• edited January 2015
    Addendum for Mac users: I was able to install BrainBay in Wine and get the data connection to work correctly. In order for this to work you need to download and install the FTDI drivers for Mac from here
    When plugging in the dongle, a new device should appear under /dev/tty.usbserial...
    Symlink this file to a virtual com port in Wine like this:
    ln -s /dev/tty.usbserial-DN00969W ~/.wine/dosdevices/com1
    After installing and starting BrainBay in Wine, insert the OpenBCI source via "Insert Element" -> "Source" -> "Biosignal/EEG Amplifier" -> "OpenBCI" and then choose and connect to COM port 1.
    Using the oscilloscope test that William explained in the first post, I got plausible signals from all channels including accelerometer :)

    The same procedure should work under Linux, only the device name might differ and you should check that the permissions on the device file are appropriate.

    Have fun!
  • Just wanted to say thanks to everyone that has contributed to this thread. I was able to install and configure BrainBay successfully to work with my openBCI and using the alpha test suggested for the Processing application (electrode at O1) was able to generate some noticeable voltage spikes in an oscilloscope using an alpha filter upon closing my eyes. Very exciting!

    On the same scope I included a filter for Beta which, whilst lower in amplitude  seems to mirror the beta patterns in ratio. Is this correct? I'd have thought there would have been an inverse relationship between alpha and beta during eyes open/eyes closed.

    Thanks again, I look forward to experimenting even more with my new device and BrainBay.

  • wjcroftwjcroft Mount Shasta, CA
  • edited March 2015

    I'm having problems connecting the dongle with the com port in Mac having installed BrainBay with Crossover,
    i'm trying:

    ln -s /dev/tty.usbserial-DN00969W /Users/Ray/Applications/CrossOver/BrainBay/com1

    It says  Not such file or directory. Any sugggestions?

  • wjcroftwjcroft Mount Shasta, CA
    Bright, you might have better luck with Wine, see post above by @nightscape . For one thing though, you need to use the correct tty.usbserial-xxx file. Do an "ls /dev/tty.usb*" command to see what your exact device name is. Then symbolic link THAT name, not the one used on the previous Wine example. Each dongle has a unique serial number / device name.
  • edited March 2015
    However....isnt Crossover a wine version actually? I thought so. i've changed the name of the device name (spacey..) 
    Now It responds like that:

    ln: /Users/Ray/Applications/CrossOver/BrainBay/com1: File exists

    anyhow...i've managed to run it with parallels.  thx
  • wjcroftwjcroft Mount Shasta, CA
    "ln -s /dev/tty.usbserial-xxxx /Users/Ray/Applications/CrossOver/BrainBay/com1"

    The command which creates a symbolic link will not overwrite the previous link you created. You must remove the first link before creating a new link. This is a safety feature to avoid links on top of links.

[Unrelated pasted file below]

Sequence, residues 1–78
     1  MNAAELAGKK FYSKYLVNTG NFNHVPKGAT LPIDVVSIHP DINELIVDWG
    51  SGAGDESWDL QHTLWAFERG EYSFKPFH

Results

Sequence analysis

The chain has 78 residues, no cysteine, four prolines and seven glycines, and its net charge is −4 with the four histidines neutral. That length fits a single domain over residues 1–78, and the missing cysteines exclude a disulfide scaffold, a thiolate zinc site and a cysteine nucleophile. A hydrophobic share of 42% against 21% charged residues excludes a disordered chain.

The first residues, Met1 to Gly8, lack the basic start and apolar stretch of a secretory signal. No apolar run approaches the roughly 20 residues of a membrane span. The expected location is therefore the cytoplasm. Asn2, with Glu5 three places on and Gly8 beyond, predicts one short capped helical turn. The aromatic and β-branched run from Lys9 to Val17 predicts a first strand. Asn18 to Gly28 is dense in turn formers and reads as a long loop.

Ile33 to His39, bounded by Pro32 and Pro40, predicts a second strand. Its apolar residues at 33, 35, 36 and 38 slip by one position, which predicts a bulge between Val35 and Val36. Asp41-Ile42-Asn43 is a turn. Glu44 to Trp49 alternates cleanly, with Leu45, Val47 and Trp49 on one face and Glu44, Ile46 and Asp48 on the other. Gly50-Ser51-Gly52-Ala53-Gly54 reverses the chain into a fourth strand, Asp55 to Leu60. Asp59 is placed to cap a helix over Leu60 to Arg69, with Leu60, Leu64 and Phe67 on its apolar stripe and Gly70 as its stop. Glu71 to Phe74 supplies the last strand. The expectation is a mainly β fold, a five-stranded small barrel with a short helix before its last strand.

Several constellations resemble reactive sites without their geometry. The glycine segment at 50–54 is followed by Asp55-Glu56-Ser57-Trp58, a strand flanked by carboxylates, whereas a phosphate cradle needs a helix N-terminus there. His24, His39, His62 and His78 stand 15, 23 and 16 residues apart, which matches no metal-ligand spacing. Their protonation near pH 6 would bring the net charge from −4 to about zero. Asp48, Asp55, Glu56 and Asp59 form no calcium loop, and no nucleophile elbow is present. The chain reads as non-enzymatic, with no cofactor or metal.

• I was working on open bci .Offlate i was working with brainbay.
    I was able to live steam into brainbay and do some processing and wven control music volume with it.
    Now Is it possible to interface brain bay with arduino??
    I would like to have a system something like ,i detect a alphs peak and then accordingly blink an led on arduino.
    I do realise there is a serial com port in brain bay ,but still not clear of how to use it and to link it to arduino.
    Can anyone please help....
  • wjcroftwjcroft Mount Shasta, CA
    bci_v, hello.

    BrainBay currently does not have an element block that can send an arbitrary string to a COM port. The COM port block you see in the documentation is for outputting commands to the old OpenEEG interface.

    Are you wanting to do some text (source code) programming language work, or do you want to use the BrainBay / OpenViBE / PureData / VVVV style of visual programming language (VPL)? A number of projects have utilized the 'Processing' language built OPENBCI_GUI source code as a base. See some of Chip's EEGHacker blog posts. Python is another good choice.

    If you want to stay with VPLs, here is the list of element 'box'es in OpenViBE,

    The Run Command box there would allow you to do arbitrary COM port operations. And if you had a 2nd Arduino listening on that COM port, your commands to it could initiate various operations. VVVV and PureData also allow command execution; these would read the EEG data over a OSC link. And the OSC Python plugin would feed the OSC stream.

  • bryanbeusbryanbeus Spanish Fork, UT
    edited May 2015
    I can get the OpenBCI GUI working just fine, so I know that my board etc. are working properly. I added the necessary files etc. so that it would read fine on a Mac. And it shows EEG data streaming when I tell it to. So no problems there.

    I'm trying to learn BrainBay, now, but can't seem to add the OpenBCI source properly. I'm operating on a Mac using Wine.

    BrainBay opens perfectly fine, with one exception saying that it can't find the Windows MIDI or whatever. I'm assuming that's referring to a music input/output something or other, which I'm not using any time soon. So that's okay.

    Anyway, I go to Insert Element>Source>Biosignal/EEG Amplifier>OpenBCI (8 Channel). A window pops up with the first two boxes that I need to fill in asking

    Com Port [dialogue box]
    Baud rate [dialogue box - default is set to 115200]

    Then you click the button that says Connect/Disconnect. I've cycled through a dozen com ports before clicking and always get the reply, "The Port COM[X] is not available. Please choose another Com-Port." Alas, I'm such a newb. I don't know what a Com Port is, even. What's the prob? Thanks for the help in advance.